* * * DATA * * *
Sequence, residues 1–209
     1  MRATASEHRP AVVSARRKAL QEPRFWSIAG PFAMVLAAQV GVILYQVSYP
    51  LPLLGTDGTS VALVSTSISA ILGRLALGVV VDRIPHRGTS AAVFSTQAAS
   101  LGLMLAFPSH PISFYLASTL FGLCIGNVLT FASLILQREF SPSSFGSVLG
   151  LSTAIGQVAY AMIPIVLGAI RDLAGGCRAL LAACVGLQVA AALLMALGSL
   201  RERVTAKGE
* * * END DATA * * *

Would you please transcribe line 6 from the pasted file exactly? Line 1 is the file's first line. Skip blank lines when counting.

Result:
   201  RERVTAKGE